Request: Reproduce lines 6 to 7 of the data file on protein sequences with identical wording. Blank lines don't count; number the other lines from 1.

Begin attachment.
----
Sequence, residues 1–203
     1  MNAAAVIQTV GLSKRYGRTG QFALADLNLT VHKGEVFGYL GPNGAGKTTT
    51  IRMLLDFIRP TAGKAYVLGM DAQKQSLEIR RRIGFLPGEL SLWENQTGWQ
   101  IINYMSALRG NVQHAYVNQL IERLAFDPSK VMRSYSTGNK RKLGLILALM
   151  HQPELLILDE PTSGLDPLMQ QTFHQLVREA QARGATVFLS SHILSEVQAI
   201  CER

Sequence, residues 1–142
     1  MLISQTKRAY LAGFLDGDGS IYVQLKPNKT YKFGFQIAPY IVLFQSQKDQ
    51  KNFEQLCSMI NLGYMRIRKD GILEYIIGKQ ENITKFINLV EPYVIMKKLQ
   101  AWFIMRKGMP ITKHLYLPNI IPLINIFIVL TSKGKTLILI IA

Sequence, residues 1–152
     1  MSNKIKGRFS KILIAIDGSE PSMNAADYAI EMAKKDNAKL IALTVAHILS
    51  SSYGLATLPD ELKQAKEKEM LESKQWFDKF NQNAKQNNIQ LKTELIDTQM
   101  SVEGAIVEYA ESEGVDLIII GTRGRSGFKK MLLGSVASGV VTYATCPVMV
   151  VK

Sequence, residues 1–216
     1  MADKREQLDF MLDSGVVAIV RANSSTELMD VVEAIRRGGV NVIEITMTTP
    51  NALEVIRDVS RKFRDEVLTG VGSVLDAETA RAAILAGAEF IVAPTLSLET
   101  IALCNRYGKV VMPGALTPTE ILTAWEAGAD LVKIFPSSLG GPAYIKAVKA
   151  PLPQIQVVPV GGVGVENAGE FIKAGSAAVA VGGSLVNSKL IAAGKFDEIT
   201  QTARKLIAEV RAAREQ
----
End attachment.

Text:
   201  CER

Sequence, residues 1–142